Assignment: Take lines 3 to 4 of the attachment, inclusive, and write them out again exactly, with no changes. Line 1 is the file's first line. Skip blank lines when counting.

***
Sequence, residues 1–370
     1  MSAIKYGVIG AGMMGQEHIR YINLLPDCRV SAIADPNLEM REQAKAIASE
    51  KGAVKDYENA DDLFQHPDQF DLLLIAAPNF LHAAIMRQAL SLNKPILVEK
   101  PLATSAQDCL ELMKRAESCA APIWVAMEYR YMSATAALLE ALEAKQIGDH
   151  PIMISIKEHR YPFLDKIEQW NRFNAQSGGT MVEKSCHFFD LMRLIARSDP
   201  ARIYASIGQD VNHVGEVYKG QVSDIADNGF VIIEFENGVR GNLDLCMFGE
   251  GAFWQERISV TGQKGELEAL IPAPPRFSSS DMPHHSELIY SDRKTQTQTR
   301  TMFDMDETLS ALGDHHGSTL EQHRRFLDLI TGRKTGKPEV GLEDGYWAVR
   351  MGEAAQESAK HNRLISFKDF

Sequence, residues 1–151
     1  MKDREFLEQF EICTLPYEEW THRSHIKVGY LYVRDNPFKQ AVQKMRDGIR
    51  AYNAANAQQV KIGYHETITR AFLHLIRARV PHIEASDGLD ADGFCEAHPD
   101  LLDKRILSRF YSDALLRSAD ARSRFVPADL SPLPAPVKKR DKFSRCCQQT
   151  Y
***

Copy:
    51  KGAVKDYENA DDLFQHPDQF DLLLIAAPNF LHAAIMRQAL SLNKPILVEK
   101  PLATSAQDCL ELMKRAESCA APIWVAMEYR YMSATAALLE ALEAKQIGDH